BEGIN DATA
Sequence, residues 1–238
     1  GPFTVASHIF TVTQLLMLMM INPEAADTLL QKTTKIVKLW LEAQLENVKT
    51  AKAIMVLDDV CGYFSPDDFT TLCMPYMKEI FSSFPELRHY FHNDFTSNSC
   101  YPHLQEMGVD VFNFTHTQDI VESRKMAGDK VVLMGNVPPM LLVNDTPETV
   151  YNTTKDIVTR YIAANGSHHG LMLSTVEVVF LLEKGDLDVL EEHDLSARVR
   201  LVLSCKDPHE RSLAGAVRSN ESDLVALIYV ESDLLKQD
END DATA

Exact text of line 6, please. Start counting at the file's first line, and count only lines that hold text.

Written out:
   201  LVLSCKDPHE RSLAGAVRSN ESDLVALIYV ESDLLKQD